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Thursday, 29 March 1973
Page: 883


Mr WILLIS (Gellibrand) - When this debate was adjourned last night I was making the point in regard to this Bill, which gives 4 weeks annual leave to Commonwealth public servants, that this 4 weeks leave had been vigorously opposed by the previous Government which had in doing so grossly overstated the alleged costs of introducing 4 weeks leave for Commonwealth public servants and employees generally. I referred to the New South Wales example to show that the kind of proposition put forward by the previous Government just did not hold true because in fact as a result of the introduction of 4 weeks leave there was no substantial increase in employment above the normal rate of increase. The reason is that there was increased productivity stemming from increased leisure. That was explained by counsel for the State of New South Wales in the 1962 annual leave case before the Commonwealth Conciliation and Arbitration Commission. Very briefly summarised it was claimed, firstly, by arranging annual leave so that it falls in the period of least work load there is a productivity benefit. Secondly, by speading the work of an individual who is on leave over the group with whom he carried out his tasks, the output of the group as a whole is maintained. Thirdly, the fact that outstanding problems are generally cleaned up before an individual goes on leave increases his productivity in the period preceding the taking of leave.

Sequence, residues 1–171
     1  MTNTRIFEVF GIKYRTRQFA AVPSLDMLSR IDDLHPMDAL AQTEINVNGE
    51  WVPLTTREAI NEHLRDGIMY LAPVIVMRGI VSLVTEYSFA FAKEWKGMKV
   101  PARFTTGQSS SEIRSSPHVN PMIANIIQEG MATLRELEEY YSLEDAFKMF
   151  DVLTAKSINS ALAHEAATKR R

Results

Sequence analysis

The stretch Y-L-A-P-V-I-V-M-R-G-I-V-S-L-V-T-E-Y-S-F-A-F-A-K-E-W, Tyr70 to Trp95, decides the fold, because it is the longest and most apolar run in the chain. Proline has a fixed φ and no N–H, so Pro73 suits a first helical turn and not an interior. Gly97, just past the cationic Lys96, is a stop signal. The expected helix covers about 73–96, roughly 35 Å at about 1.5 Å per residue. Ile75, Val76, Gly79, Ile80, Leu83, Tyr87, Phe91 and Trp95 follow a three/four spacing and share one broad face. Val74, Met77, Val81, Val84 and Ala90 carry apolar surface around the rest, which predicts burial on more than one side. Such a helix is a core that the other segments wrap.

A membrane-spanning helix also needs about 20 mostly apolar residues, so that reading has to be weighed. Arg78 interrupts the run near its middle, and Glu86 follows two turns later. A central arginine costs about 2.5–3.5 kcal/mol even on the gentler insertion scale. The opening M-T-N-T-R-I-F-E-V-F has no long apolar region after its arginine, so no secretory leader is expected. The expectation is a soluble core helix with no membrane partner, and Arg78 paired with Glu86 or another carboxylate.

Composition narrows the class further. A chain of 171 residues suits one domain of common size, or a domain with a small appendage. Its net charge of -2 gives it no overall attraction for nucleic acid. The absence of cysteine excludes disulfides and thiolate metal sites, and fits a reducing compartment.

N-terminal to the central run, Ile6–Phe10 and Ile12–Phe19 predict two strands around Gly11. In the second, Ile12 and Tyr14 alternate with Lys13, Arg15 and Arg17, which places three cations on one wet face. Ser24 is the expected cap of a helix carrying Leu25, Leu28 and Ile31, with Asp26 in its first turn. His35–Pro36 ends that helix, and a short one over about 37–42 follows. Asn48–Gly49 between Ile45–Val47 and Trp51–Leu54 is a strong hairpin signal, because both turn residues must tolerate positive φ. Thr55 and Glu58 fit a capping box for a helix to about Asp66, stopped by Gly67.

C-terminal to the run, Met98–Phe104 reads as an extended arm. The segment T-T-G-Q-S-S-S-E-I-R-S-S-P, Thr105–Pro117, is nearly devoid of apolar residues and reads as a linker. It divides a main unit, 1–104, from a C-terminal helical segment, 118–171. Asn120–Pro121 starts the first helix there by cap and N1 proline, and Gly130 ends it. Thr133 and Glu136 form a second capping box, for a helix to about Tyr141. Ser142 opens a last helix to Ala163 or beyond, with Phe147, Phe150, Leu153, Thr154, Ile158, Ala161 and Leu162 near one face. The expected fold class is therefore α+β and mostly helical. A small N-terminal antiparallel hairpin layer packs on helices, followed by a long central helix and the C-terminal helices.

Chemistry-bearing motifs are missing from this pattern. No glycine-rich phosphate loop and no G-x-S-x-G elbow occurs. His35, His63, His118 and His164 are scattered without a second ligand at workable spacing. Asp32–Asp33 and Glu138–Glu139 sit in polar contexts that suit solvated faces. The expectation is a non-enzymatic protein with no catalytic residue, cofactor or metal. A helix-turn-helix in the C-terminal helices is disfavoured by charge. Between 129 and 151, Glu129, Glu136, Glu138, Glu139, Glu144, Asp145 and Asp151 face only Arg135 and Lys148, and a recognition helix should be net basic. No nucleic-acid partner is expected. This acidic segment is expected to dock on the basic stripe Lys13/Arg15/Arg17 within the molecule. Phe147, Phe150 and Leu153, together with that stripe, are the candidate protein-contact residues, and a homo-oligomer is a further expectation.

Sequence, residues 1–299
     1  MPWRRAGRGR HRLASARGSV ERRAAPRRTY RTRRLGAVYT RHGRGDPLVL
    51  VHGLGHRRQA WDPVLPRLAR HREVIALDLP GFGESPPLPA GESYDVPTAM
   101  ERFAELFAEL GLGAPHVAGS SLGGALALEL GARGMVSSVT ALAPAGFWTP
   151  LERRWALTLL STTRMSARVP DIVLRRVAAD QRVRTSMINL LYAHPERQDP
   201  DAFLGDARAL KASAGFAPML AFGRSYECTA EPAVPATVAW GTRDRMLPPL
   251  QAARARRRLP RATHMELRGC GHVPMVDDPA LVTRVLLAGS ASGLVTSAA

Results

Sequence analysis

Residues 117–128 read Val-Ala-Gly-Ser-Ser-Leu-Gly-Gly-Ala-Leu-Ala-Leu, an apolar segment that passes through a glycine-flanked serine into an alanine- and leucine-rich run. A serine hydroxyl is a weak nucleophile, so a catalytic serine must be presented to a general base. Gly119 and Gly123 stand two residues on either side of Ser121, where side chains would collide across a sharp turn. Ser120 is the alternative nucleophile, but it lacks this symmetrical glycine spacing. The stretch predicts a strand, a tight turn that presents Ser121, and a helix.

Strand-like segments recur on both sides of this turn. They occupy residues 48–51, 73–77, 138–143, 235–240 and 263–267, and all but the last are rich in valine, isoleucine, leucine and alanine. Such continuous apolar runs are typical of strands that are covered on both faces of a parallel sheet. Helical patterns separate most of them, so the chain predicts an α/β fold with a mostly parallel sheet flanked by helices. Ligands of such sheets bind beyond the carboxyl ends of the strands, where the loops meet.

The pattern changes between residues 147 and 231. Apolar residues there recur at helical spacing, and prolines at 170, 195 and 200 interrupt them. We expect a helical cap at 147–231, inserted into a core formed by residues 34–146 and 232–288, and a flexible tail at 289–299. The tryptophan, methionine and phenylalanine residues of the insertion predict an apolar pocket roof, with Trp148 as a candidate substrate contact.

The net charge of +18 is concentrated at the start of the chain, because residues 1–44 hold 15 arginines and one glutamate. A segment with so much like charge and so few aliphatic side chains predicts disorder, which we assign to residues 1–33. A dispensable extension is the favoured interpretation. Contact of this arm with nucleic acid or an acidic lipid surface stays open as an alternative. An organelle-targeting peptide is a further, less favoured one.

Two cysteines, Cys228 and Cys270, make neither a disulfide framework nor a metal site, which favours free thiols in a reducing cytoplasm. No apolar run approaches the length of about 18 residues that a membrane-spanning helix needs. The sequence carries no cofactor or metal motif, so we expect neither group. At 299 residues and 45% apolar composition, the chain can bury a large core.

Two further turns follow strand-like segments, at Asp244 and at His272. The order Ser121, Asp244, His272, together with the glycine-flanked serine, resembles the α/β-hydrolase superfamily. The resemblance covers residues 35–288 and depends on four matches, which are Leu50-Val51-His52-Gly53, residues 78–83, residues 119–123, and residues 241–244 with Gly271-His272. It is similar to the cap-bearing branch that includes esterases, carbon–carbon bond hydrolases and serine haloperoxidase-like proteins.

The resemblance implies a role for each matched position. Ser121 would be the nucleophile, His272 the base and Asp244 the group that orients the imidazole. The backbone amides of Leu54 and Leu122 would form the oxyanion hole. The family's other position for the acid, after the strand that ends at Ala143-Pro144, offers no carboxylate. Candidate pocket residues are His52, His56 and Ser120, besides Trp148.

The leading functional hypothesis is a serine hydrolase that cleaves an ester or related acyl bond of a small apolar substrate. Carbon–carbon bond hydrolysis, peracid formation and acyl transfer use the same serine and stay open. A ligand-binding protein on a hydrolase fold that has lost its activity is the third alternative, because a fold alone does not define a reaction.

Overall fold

If we look at what happened in the nation as a whole at the time of the granting of 3 weeks leave to employees in 1963 we can see that there must have been induced productivity as a result. I have not time to go into the evidence in support of that. We can therefore regard with considerable scepticism the previous Government's dire warnings as to the cost of an extra week's annual leave. There can be no doubt that the previous Government considerably overstated the cost to the Commonwealth of applying this benefit to its employees and to employees generally by completely ignoring the consequential productivity increase factor. The evidence seems to indicate that this is an important factor and although we cannot be precise as to its effect on the cost of granting an additional week's leave to Commonwealth public servants we can be certain that it will cost much less than the previous Government said it would cost. In that situation we should concentrate our attention on the equity argument for granting an additional week's leave to our public servants and if we do that the case for it is overwhelming. I commend the Bill to the House.







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